Electric cars: the future, or a flop?

Electric cars will start appearing on our roads in bigger numbers during 2011 - but are they as environmentally friendly as manufacturers would have us believe? We examine both sides of the debate.

Electric cars will start appearing on our roads in bigger numbers during 2011 - but are they as environmentally friendly as manufacturers would have us believe? We examine both sides of the debate.

peter carroll
Peter Carroll

"They are coming, whether we like it or not," says motoring editor Peter Carroll

Of all the cars unveiled at this year's Paris Motor Show, perhaps none was as stunning as Jaguar's C-X75.

This concept supercar boasts sensational looks with a futuristic interior and performance to match: it rockets to 60mph in just over three seconds and has a top speed of 205mph.

Yet unlike other supercars, it's no gas guzzler.

That's because it's electric-powered, with emissions that are a fraction of those produced by even the cleanest city cars of today.

Jaguar bosses are mulling over whether or not to build it - but even if they decide against it, the C-X75 shows how far electric vehicle technology has come.

Granted, there are few fully electric cars on our roads today, but that will change.

Most major manufacturers plan to launch an electric vehicle in the coming years.

There are undeniably 'issues' with these pioneering electric vehicles (or EVs, as they are known).

Their range is limited, battery packs are cumbersome and difficult to dispose of, and the cars are hugely more expensive than their petrol or diesel equivalents.

But criticising them is going to get you as far as the the vinyl-loving music fans who opposed the introduction of CDs in the 1980s.

(The music industry quickly realised it could charge more for the new format - and once record companies started adding bonus tracks to CDs that you couldn't get on 12-inch albums, the game was up for vinyl.)

So it is with electric cars. We are in the middle of an automotive format war and the car industry wants us to drive electric vehicles: so we'd better get used to it.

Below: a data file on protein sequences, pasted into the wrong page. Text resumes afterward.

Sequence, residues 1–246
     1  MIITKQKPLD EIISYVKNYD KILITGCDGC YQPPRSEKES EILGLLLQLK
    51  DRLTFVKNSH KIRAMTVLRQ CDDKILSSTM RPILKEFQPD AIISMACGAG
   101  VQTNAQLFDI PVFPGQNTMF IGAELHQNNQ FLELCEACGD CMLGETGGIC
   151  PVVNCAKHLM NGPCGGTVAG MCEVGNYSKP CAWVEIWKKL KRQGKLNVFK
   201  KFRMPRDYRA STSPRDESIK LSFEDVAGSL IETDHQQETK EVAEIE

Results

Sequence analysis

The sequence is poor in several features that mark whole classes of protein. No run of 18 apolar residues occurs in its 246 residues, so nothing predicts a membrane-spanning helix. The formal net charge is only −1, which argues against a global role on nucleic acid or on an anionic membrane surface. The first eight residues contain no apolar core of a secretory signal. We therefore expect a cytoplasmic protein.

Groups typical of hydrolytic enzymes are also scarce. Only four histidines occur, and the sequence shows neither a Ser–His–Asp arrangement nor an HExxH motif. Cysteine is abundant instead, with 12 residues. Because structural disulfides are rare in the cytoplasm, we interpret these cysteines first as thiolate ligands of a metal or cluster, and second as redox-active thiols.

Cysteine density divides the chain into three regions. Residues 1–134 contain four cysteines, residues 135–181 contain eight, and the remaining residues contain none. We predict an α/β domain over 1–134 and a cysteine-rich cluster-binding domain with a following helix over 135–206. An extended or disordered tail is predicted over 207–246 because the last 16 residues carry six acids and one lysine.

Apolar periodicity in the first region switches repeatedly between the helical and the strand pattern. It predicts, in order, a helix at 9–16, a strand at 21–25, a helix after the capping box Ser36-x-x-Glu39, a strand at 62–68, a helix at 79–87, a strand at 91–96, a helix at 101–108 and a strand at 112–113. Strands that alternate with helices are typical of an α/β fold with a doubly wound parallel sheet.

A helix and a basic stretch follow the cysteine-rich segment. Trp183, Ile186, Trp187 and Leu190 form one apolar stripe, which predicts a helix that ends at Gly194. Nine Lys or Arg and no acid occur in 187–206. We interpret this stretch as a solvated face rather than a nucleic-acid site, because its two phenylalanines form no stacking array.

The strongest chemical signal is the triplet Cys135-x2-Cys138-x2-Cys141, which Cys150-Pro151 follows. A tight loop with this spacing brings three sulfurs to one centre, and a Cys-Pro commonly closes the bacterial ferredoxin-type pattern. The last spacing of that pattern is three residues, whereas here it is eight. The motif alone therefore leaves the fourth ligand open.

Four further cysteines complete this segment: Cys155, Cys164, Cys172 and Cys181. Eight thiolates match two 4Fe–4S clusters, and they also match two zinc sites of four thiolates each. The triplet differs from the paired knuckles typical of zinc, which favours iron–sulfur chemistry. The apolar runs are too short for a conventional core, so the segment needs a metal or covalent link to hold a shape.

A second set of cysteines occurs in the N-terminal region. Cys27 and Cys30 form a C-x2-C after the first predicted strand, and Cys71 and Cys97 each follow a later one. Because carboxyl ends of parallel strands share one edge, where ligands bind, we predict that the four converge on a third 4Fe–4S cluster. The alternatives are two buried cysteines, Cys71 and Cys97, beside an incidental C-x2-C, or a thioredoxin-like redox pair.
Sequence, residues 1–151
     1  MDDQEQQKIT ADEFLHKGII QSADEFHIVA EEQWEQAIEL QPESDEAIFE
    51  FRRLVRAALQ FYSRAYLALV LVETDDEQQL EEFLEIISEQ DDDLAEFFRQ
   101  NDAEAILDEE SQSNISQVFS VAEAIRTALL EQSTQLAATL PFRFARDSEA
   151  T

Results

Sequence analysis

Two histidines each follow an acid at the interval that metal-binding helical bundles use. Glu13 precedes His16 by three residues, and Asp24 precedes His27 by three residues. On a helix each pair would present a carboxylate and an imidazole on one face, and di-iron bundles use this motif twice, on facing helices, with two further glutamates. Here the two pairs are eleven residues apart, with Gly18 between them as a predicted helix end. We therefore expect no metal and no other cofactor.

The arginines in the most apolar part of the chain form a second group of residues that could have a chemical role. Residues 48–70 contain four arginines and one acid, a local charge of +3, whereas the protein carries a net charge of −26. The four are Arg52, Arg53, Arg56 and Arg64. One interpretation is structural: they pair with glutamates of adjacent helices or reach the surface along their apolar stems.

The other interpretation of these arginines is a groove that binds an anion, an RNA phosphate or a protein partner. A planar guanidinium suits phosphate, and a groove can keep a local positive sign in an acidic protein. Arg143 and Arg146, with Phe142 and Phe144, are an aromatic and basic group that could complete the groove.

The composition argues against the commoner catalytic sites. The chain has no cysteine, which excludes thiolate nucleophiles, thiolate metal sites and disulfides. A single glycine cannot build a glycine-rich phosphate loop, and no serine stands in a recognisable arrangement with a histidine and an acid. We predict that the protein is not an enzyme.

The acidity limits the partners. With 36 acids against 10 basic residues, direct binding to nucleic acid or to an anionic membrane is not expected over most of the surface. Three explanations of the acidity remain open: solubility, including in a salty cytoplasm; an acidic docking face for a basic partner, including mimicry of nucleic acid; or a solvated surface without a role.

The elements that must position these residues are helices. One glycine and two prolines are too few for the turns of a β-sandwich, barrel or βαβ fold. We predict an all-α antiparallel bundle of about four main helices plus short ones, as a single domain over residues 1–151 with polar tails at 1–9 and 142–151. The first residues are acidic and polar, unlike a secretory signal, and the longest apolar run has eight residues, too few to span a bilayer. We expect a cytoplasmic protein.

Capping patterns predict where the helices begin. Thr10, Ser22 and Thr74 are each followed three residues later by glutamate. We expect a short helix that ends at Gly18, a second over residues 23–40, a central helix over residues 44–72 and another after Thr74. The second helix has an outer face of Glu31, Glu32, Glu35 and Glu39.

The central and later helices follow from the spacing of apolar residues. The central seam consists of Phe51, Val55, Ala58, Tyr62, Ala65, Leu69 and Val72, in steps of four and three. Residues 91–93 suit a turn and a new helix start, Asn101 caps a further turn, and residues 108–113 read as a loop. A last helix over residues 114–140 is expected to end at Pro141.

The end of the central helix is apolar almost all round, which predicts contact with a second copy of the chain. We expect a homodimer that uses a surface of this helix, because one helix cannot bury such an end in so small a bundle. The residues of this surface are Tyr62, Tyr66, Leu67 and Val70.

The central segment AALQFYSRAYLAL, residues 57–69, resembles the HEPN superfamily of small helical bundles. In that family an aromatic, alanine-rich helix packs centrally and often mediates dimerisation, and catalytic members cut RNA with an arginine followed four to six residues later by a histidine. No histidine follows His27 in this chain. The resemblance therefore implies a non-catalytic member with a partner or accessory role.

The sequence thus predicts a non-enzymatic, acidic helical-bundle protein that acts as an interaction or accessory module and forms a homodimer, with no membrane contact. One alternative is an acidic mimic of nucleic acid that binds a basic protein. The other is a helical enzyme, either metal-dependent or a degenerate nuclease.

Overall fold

They already make a lot of sense for council fleets, large corporations and public transport. And in time, EVs should develop more appeal for individual users.

Battery packs will become smaller and more efficient. Prices will come down and more of us will be able to take advantage of the phenomenally low running costs that they promise - at least until the government starts taxing them.

They're decent to drive too and far from the dawdling milkfloat that you might expect.

Acceleration from a standing start is surprisingly rapid.

And because they're so quiet, people living alongside busy highways may find rush hour becomes more bearable in the future.

Opponents are right when they that electric cars rely on 'dirty' power stations for their electricity.

But surely it will be easier to target the emissions of a few power stations rather than the exhausts of millions of cars?

In any case, if EVs end up reducing our dependence on oil - and the countries that produce the stuff - then that's probably no bad thing.

However, the biggest hurdle that electric cars must overcome is drivers' fear of conking out miles from home.

This so-called 'range anxiety' will become less of a problem once a national network of charging points has been built - and these cost a fraction of the price of a petrol station.

Besides, the concept supercar on show at Paris may have solved this issue anyway - which is ultimately what makes it so exciting.

The Jag's novel power system features an electric motor at each wheel, using electricity generated by two aircraft-style micro gas turbines. These extend the car's range to a far more satisfactory 560 miles.